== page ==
Early on in “My Way: A Musical Tribute to Frank Sinatra” – the easily charming, unpretentious revue now at Theo Ubique Cabaret Theatre that celebrates the man also known as “Ol’ Blue Eyes” – we are told that “more than half the population of the United States now over the age of 40 was probably conceived to the sound of Sinatra’s records.” We also are told that Duke Ellington once called Sinatra “the ultimate theater,” and that it would probably take a solid eight days to listen to all the songs he recorded over the course of his long career.
That would be eight days exceedingly well spent. But you can do the speed version in just about two hours thanks to this show, which was conceived by Todd Olson and David Grapes, and is now being performed by a young and talented cast of four (Kyrie Anderson, Caitlin Boho, Carl Herzog and Christopher Logan). Directed by Fred Anzevino, it features the sensational music direction of that bravura pianist, Jeremy Ramey, and his musicians (Kevin Brown on drums and Jake Saleh on bass).
‘MY WAY: A MUSICAL TRIBUTE TO FRANK SINATRA’
When: Through Jan. 31, 2016
Where: Theo Ubique Cabaret Theatre, 6970 N. Glenwood
Info: (800) 595-4849; www.theo-u.org
Run time: 2 hours, with one intermission
This is, of course, the 100th anniversary of that entertainer (born Dec. 12, 1915) who so memorably embraced the great American songbook, and left his indelible vocal imprint on many hundreds of its finest tunes. And while no one can match the unique timbre of Sinatra’s voice, or his subtly insinuating and seductive phrasing, or his tough guy-wrapped-in-a- melancholy spirit, it is enough to hear others sing the mostly familiar classics her favored — songs by everyone from Cole Porter and Irving Berlin, to Rodgers and Hart, Kander and Ebb, Harold Arlen and Johnny Mercer, Sammy Cahn and Jule Styne (and the list goes on). In fact, Sinatra’s interpretations almost seem to be humming along, layered beneath those of this younger generation of performers.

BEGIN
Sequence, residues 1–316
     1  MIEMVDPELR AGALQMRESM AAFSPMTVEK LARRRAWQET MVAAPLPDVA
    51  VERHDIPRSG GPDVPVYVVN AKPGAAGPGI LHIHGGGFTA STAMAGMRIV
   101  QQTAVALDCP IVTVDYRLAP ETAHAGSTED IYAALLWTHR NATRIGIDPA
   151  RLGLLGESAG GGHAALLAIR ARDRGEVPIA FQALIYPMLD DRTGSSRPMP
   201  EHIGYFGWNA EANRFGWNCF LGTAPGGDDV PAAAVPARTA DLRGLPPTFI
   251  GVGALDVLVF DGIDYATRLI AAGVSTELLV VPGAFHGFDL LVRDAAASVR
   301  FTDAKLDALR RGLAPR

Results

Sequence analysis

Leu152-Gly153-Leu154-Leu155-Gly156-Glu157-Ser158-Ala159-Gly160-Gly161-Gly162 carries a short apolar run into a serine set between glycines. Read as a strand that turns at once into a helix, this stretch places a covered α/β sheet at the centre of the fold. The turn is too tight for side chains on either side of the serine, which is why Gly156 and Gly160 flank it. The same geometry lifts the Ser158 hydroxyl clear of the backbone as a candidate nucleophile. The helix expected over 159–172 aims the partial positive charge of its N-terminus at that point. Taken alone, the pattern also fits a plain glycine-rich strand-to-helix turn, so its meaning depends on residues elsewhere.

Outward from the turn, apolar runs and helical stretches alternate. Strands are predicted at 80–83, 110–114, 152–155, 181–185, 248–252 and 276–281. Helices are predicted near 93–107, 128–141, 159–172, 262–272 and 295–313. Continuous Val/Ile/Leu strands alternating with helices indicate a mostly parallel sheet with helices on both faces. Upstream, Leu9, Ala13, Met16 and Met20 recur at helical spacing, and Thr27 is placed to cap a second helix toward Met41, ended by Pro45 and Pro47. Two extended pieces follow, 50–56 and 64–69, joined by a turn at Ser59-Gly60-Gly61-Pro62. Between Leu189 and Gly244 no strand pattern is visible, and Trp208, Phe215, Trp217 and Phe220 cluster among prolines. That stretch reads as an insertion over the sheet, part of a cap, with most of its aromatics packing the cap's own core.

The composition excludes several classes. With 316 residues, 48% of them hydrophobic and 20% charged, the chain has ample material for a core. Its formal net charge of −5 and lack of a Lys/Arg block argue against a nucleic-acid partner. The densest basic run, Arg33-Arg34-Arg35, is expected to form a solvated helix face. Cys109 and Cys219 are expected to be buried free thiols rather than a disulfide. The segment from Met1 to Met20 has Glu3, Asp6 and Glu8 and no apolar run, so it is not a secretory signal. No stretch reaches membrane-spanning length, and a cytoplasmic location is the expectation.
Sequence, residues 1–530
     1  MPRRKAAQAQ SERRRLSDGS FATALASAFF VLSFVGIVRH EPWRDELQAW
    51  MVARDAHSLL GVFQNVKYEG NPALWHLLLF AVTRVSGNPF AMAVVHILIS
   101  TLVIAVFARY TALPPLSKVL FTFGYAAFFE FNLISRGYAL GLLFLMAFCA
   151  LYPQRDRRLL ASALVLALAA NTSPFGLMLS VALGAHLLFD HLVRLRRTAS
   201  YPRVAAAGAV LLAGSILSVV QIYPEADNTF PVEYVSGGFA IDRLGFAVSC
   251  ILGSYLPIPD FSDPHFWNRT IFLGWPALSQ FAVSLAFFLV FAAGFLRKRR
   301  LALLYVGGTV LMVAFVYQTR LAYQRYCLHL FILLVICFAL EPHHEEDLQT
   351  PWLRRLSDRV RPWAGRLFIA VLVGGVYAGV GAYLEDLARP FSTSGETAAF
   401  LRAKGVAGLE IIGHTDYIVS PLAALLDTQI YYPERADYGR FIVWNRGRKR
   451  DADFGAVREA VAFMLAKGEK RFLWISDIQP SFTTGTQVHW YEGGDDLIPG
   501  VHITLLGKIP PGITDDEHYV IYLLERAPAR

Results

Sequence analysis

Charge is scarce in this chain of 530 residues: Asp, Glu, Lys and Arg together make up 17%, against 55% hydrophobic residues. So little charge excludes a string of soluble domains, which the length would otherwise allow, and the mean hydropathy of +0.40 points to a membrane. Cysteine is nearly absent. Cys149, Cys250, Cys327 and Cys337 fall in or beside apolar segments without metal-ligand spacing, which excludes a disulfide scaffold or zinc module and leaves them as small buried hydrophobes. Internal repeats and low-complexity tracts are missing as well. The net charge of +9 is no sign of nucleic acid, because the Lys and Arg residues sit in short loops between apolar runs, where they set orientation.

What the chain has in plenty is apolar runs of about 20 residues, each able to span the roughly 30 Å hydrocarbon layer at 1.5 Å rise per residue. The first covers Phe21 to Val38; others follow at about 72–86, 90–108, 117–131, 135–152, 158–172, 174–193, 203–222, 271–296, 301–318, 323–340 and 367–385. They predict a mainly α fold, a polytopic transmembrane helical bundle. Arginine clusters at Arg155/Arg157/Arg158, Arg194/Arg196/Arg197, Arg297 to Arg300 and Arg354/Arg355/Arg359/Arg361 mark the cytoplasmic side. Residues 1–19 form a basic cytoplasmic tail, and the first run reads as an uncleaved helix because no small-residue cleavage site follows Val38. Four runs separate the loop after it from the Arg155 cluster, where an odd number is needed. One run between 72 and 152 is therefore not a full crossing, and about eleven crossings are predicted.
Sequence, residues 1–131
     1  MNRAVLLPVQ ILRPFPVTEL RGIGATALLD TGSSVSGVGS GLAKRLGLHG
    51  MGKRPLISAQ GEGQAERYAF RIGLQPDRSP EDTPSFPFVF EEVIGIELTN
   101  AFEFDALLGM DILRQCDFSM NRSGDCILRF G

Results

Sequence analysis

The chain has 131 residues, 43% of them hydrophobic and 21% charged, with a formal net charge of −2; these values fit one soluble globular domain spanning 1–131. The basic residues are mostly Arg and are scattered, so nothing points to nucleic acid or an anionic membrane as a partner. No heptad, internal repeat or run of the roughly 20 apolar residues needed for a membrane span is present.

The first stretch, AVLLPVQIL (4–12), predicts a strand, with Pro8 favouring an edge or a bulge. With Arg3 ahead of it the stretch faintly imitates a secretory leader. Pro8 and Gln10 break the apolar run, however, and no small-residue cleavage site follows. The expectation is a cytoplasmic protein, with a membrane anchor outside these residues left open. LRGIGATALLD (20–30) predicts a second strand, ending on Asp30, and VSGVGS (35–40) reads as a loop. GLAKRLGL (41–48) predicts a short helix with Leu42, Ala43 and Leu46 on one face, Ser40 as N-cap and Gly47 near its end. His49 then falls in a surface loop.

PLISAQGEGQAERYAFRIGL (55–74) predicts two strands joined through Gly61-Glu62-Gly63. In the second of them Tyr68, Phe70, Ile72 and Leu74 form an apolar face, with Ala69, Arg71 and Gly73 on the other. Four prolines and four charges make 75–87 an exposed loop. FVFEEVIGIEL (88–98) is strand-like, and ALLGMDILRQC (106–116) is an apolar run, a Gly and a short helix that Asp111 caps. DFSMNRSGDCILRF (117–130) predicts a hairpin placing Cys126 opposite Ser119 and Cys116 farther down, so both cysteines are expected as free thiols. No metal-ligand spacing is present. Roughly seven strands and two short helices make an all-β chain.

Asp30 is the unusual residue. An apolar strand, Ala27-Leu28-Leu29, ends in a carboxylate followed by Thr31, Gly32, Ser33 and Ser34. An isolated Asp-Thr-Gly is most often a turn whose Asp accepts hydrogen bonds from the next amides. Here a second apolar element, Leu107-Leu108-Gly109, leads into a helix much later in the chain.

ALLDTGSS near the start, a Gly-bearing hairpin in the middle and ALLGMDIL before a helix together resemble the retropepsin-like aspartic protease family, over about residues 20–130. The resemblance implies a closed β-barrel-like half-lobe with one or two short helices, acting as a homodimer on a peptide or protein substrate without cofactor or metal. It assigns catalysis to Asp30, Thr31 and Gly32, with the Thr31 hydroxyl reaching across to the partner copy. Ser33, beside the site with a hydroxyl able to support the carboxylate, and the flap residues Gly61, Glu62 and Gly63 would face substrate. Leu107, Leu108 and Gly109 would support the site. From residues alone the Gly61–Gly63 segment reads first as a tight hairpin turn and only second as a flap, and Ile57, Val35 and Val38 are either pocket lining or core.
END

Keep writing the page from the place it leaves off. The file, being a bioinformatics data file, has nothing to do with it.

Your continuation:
“My Way” features more than 50 songs, generally grouped thematically. There are selections from Hollywood films and Broadway shows (“Funny Valentine,” “Let’s Face the Music and Dance,” “I Get a Kick Out of You”); songs with references to places (“I Love Paris,” “How About You? (I Like New York in June)”; “South of the Border,” “L.A. is My Lady,” “New York, New York”); and others conjuring the seasons (“Summer Wind,” “Something Wonderful Happens in Summer”). There are songs dealing with women – or “dames” and “chicks” as he might have put it (“The Tender Trap,” “Love and Marriage,” “Witchcraft,” “I’ve Got You Under My Skin”), as well as those emblematic of his “18-karat manic-depressive” Rat Pack days (“Drinking Again,” “Guess I’ll Hang My Tears Out to Dry,” “One for My Baby (and One More for the Road),” “Here’s to the Losers”). And there is a tip of the hat to the moon, too (“Moonlight Serenade,” “Wave,” “Fly Me to the Moon”).
The four performers (with the men in white dinner jackets and the women in 1950s-style dresses) work beautifully together, sometimes taking turns on a single tune (as with “It Was a Very Good Year”), sometimes locked in a romantic (or adversarial) male-female duet, sometimes as soloists.
Herzog comes closest to evoking the Sinatra voice, and tap-master Logan suggests Sinatra’s wiry, youthful grace (with choreography by Maggie Portman). Anderson is the sophisticated femme fatale, and Boho is the vampy girl with the jazzy pipes.
But again and again it all comes round to Ramsey, who plays the original arrangements by Vince Di Mura. In addition to being a brilliant accompanist to the singers, the pianist fills the room with an orchestral sound that Sinatra himself would have applauded. And of course Theo Ubique’s intensely intimate space (with Adam Veness’ set of black brick walls imprinted with a classic fedora-topped picture of Sinatra), suggests just the kind of “saloon” the singer might have called home.